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Alright. I want it so the following would happen, Heres a sample:

puts "what would you like to see?"
var = gets.chomp
if var == "z"
  puts "this"

elsif var == "d"
  puts "stack"

elsif var == "y"
  puts "overflow"

else
  puts "I don't understand that."

end

Currently it works fine up until I want to have the user redefine the 'var'. Currently all the loops just loop back the puts from the elsif - i want it to ask for the user input again, then print out the elsif to that. For example:
User types in y, the code would say overflow, then return to line 1. Any help would be awesome.

share|improve this question
    
Doing if foo = bar doesn't give a warning even if warnings are turned on. I'm a bit surprised at that... – Andrew Grimm Sep 21 '10 at 0:00

gets returns nil when there is no input, and since nil evaluates to false in a conditional, you can use gets in a loop like so

while var = gets
  var.chomp!
  if var == "z" # use == to test equality, not =
    # do stuff
  elsif var == "x"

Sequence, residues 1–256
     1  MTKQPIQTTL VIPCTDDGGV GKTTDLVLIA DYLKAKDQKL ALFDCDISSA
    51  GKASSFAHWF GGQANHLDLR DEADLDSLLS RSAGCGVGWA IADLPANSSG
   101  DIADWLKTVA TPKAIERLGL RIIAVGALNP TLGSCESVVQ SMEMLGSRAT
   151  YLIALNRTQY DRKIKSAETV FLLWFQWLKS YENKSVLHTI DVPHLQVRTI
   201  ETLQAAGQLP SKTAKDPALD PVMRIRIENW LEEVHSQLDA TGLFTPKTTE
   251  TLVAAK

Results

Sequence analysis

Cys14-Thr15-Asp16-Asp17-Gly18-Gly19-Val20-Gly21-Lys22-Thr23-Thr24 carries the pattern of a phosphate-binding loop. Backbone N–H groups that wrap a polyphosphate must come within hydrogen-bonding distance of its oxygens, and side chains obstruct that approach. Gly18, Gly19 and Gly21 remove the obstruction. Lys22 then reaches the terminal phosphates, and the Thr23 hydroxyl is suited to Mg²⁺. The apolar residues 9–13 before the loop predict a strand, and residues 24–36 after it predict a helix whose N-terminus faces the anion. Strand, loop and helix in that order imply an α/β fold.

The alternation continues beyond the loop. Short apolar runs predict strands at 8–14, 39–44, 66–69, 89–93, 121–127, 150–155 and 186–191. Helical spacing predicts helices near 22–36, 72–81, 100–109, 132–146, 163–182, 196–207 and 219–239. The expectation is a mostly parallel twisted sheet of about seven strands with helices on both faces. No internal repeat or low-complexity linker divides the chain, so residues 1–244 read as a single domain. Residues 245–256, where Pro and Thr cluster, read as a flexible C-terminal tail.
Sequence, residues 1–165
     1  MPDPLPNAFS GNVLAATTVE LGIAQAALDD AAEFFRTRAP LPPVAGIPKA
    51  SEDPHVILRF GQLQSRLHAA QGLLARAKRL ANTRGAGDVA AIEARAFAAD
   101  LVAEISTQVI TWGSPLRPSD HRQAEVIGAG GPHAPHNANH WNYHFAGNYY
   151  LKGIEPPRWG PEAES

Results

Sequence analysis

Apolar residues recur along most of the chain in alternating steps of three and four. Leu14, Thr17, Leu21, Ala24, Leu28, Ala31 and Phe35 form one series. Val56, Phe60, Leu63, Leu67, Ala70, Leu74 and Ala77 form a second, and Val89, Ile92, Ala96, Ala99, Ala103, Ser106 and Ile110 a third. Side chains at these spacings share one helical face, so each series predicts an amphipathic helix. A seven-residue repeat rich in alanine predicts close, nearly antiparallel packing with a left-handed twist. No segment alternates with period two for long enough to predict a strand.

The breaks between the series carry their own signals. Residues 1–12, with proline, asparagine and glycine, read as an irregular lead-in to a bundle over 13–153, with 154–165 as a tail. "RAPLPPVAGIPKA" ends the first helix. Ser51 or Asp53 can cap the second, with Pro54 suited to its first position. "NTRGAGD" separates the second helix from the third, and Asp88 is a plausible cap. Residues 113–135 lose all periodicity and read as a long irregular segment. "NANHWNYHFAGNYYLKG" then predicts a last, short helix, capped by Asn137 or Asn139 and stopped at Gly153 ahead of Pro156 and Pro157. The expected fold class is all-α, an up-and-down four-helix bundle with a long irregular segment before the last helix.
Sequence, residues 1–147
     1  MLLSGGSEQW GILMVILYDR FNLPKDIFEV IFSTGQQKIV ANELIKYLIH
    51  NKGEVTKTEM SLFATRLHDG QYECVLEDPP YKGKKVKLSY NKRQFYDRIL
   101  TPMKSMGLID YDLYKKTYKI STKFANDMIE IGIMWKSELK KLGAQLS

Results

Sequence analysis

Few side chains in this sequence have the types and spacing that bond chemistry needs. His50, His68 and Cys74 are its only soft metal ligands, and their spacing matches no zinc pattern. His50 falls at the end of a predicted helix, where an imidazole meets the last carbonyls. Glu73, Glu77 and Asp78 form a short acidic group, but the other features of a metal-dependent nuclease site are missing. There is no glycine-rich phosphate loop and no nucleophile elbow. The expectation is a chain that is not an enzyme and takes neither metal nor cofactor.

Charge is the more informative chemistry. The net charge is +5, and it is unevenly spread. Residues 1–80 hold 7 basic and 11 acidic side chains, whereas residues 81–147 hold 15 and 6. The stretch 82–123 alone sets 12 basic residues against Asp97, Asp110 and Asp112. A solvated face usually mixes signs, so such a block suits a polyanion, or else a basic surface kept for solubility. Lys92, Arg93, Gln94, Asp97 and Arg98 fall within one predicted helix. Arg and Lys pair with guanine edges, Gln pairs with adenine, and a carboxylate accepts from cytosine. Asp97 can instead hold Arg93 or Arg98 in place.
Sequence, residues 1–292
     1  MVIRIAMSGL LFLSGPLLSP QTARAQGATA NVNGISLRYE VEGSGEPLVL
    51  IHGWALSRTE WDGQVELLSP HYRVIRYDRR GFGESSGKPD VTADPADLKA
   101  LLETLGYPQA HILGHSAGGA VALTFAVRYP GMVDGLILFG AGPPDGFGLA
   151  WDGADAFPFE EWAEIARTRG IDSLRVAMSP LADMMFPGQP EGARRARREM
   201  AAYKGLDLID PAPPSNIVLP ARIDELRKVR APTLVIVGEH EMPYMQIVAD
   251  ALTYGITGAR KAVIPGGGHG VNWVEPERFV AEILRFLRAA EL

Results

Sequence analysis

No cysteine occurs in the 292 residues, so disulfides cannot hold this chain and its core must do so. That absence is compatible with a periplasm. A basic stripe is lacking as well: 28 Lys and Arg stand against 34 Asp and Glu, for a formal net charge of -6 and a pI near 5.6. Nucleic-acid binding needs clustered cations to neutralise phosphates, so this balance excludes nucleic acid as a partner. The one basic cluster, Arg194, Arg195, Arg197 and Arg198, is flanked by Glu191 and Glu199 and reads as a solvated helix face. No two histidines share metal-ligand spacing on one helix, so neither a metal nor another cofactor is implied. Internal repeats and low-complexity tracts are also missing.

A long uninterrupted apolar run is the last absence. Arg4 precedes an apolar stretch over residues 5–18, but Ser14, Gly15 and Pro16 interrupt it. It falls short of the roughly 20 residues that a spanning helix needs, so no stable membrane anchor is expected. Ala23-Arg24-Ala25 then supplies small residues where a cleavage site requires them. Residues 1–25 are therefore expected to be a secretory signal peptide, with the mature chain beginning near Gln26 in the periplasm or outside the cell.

# do stuff
  ....
end # while

You might find this works better with a case statement:

while var = gets
  case var.chomp
  when "z"
    puts "this"
  when "d"
    puts "stack"
  when "y"
    puts "overflow"
  else
    puts "I don't understand that."
  end # case
end # while
share|improve this answer
    
Zetetic, you are awesome. Thank you so much. – user451711 Sep 19 '10 at 3:17

You're using the assignment operator (=) where you mean to test equality (==), I think.

You could also use case, but here's a version with while and if

print "Gimme an answer ('q' to quit) >> "
response = gets.chomp

while response != 'q'
  if response == 'z'
    puts "this"
  elsif response == 'd'
    puts "stack"
  elsif response == 'y'
    puts "overflow"
  else
    puts "I don't understand that."
  end

  print "Gimme another answer ('q' to quit) >> "
  response = gets.chomp
end
share|improve this answer
    
Was just a typo. Thats what i'm using in my real code, sorry about that... gonna edit it. – user451711 Sep 19 '10 at 2:54

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